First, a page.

In-loop RIN is the sensor PD and "Out of the loop RIN" is the monitor PD.
The ISS gain slider was at 8dB in this measurement.
It looks normal. 
An open loop transfer function of the ISS loop was measured (attm2). The UGF was 22kHz with the phase margin of ~22deg.
We should increase the UGF up to ~60kHz

When we increase the gain up to 14dB, the CS saturation warning comes up in the EPICS screen.
We confirmed this by monitoring the CS drive signal with an oscilloscope.
It is the output of an AD602J, which has +/-3V output range. 
By increasing the gain of AD602J, we saw that the output signal hits the rail.
There seems to be a lot of high frequency (100kHz - a few MHz) noise, out of the control band.
We also observed that AD602J itself oscillates at about 10MHz (don't remember the exact number) when the gain is increased.
(We saw this even when the loop is off. There is no such an oscillation in the input to the AD602J).
When we took wide band spectra of the CS drive signal, we saw many large harmonics of ~180kHz. We believe these peaks are limiting
our ISS gain now (causing the CS saturation). The harmonics persisted even when we disconnected the PDs. So it is not coming from the light.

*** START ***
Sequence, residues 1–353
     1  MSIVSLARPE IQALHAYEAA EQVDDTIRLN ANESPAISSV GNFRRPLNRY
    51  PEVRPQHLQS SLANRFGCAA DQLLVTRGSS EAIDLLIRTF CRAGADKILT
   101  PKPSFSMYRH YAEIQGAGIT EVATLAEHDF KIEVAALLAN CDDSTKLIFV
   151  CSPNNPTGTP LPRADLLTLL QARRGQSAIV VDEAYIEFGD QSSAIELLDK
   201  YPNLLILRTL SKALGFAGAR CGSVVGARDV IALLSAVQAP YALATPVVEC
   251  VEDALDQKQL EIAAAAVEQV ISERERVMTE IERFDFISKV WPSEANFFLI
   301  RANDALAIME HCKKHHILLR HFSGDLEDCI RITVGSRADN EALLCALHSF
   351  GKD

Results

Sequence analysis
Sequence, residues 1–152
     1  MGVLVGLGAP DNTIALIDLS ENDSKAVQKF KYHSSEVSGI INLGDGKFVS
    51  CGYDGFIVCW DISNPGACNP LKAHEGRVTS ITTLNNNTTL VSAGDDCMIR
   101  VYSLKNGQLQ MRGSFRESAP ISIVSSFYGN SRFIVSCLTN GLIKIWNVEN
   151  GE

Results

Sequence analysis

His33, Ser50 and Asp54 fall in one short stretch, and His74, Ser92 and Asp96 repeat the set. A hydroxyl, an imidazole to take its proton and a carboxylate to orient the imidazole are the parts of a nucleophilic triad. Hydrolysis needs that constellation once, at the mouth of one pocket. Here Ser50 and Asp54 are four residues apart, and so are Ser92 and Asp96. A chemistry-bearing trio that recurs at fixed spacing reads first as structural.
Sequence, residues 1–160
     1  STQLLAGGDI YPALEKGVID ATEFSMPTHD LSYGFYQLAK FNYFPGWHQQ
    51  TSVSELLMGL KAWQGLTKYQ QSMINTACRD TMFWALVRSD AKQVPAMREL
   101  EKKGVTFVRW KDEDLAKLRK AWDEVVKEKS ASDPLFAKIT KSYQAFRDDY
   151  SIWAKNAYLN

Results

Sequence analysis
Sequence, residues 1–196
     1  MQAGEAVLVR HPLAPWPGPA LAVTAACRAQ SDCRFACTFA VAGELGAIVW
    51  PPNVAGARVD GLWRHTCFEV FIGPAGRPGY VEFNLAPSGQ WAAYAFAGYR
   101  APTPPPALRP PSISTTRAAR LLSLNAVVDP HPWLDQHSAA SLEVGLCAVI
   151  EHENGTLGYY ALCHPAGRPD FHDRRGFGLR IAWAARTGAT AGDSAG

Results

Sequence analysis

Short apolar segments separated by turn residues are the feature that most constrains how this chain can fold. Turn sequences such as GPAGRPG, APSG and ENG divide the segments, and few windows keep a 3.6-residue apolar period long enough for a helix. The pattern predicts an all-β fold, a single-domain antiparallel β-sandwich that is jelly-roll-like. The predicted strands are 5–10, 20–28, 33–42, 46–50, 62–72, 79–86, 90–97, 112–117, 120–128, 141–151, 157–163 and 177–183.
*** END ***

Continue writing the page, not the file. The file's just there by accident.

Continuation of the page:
We saw the same harmonics in the power lines. They may be the switching noise of the Sorensens. 
We took spectra of those harmonics, but the netgpibdata.py somehow did not save the data from AG4395A correctly. I have to debug this.

Stefan removed DC offsets from the AD829s (many of them are used in the ISS board) by turning the pots for offset adjustment.
This eliminated the problem of getting a large DC CS feedback (observable in C1:PSL-ISS_CSDRIVE_MEAN) when the gain is increased.

During the investigation, I noticed that increasing the PMC gain too much (~22dB) caused an oscillation of the PMC loop and consequently made
the ISS saturate. When the ISS is behaving bad, we should check the PMC gain.

Currently, the ISS is running OK with the gain = 8dB. I modified the mcup script to set the ISS gain to 8dB when the MC is locked.

TO DO:
Wait for Peter's answer about spare ISS boards.
Power line filtering. 
Find the cause of AD602J oscillation (Well this is the one mounted upright. So just mounting it normally might solve the problem :-). 
  1018   Wed Oct 1 23:21:03 2008 YoichiConfigurationPSLReference cavity reflection camera
I re-centered the reference cavity reflection camera, which has been mis-aligned for a while.
I also tweaked an input steering mirror to make the alignment better. This resulted in the increase of the transmission PD voltage
from 8V to 9V.
  1032   Tue Oct 7 21:19:40 2008 YoichiUpdateIOOMC_F calibrated spectrum
I updated the plots because I did not take into account the double path AOM effect, which doubles the frequency actuation efficiency. (2008/10/8)